TOMS RIVER, N.J., AUGUST 16, 2010 – The 2010 Atlantic hurricane season began on June 1, and while things have been relatively quiet, weather experts are still predicting a busier-than-usual hurricane season.
Since the peak of hurricane season is late August through October, health and safety experts from Community and Kimball Medical Centers urge shore area residents to get prepared now; before a storm approaches.
The National Oceanic and Atmospheric Administration (NOAA) predicts 14 to20 named storms with winds of 39 mph or higher including eight to 12 hurricanes (winds of 74 mph or higher) of which four to six could be major hurricanes (Category 3, 4 or 5 with winds of at least 111 mph).
Neil J. Bryant, Regional Director of Safety Management for Community and Kimball said hurricane season lasts until November 30. “While the Jersey Shore hasn’t battled a major hurricane in a number of years, there is concern that area weather patterns are changing – setting the coastline up for the possibility of a major hurricane,” he explains.
In recent years, the surface temperature of the ocean has risen – a factor known to generate more powerful storms. That factor, combined with the area’s population growth, densely populated barrier islands and complacency on the part of area residents – who, in the past, have prepared for storms that never actually materialized – has health care safety expert Bryant speaking out.
“Whether we face a hurricane here at the Shore or not, the important thing to remember, is that we need to be prepared,” he says. That preparation, he explains, includes securing or stowing items outside your home before a storm hits (such as garbage cans or patio furniture) that could become dangerous projectiles. It should also include closing and securing shutters if you have them, or taping or boarding up windows to help prevent broken or shattered glass. In addition, he advises that residents have a full tank of gas in the car in the event it’s necessary to evacuate.
Inside your home, Bryant suggests keeping emergency supplies in one portable container that can travel with you should you need to evacuate your home. Having a well-stocked disaster supply kit can make the process of leaving quicker and less traumatic.
“The kit should include an ample supply of food – including items that don’t need to be refrigerated or cooked (such as canned foods, meal bars, etc.). It should include any medical supplies needed by family members on a regular basis, such as blood pressure medications, insulin or syringes.”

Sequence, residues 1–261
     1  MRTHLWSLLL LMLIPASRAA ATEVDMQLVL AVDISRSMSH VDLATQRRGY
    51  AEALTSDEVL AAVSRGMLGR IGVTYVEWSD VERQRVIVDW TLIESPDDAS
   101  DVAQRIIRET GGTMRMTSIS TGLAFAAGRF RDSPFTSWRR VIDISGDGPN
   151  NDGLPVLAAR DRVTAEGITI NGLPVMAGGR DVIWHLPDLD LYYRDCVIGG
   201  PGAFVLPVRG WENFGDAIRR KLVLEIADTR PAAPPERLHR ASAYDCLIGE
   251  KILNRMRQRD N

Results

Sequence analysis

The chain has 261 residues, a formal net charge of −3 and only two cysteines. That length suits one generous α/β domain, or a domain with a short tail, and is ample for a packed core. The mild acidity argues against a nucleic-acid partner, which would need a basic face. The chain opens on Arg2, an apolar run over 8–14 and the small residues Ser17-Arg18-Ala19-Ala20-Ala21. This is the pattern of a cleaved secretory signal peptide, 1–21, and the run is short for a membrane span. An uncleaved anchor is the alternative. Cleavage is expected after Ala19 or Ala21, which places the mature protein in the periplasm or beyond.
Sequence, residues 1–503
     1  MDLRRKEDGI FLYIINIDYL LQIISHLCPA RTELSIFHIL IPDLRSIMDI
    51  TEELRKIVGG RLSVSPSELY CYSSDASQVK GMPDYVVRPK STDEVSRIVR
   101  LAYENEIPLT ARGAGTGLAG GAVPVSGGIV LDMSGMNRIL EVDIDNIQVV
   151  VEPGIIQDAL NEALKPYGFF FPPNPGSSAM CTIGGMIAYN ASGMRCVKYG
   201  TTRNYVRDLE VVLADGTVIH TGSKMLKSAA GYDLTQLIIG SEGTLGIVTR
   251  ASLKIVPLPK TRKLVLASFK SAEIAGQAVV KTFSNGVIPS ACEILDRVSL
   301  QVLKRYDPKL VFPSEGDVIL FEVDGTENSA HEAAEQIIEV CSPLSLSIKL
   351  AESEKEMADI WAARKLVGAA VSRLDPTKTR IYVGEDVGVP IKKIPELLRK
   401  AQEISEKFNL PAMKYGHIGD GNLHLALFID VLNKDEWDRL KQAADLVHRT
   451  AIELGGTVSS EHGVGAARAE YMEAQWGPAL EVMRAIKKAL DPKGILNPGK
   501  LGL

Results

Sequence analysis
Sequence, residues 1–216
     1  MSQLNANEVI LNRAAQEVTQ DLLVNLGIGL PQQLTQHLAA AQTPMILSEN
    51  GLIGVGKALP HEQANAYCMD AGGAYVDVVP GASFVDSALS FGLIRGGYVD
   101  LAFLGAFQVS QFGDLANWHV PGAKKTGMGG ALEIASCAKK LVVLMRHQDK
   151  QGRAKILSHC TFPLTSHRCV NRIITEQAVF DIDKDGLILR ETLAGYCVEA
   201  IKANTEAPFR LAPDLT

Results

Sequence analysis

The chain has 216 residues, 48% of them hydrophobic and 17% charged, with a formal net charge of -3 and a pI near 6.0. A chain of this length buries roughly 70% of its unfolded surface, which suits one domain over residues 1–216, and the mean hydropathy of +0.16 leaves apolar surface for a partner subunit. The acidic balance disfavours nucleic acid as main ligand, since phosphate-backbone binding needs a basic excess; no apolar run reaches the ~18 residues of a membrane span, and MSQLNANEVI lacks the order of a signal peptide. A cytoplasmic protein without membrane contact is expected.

He also recommends that the kit include first aid supplies, waterproof matches, flashlights, a battery-powered television or radio as well as plenty of fresh batteries. The kit should also contain copies of your identification, credit information, as well as some cash and coins in case you have to evacuate.
“You should also stock a gallon of water for each person in your family per day, keeping enough on hand to last at least three to seven days,” says Bryant. “If you have pets, don’t forget to stock food and water for them,” he adds, “and have a pet carrier available as well.”
While local officials and disaster relief workers typically arrive quickly to offer help after a major hurricane, Hurricane Katrina made us realize that it is not always the case. “Depending on the scope of the disaster and how the community is impacted, first responders may not always be able to reach everyone right away. Help might arrive in hours, or it could take several days,” says Bryant.
“If you’re prepared and have what you need at home – including food, water, prescription medicines, and any basic sanitary and hygiene supplies you might need – you’ll be more comfortable, safe and secure as you ride out the storm. That said,” he adds, “regardless of how prepared you may be for a gathering storm, if local officials tell you to evacuate, go to a shelter or to a friend or relative’s home outside of the immediate area. Disregarding the call to evacuate not only puts your life in jeopardy, but the lives of first responders who may need to rescue you if the situation deteriorates.”
“Thankfully, we haven’t had a major hurricane in this area in years,” says Bryant, “but the reality is it can happen – and when it does, there’s no such thing as being too prepared.”
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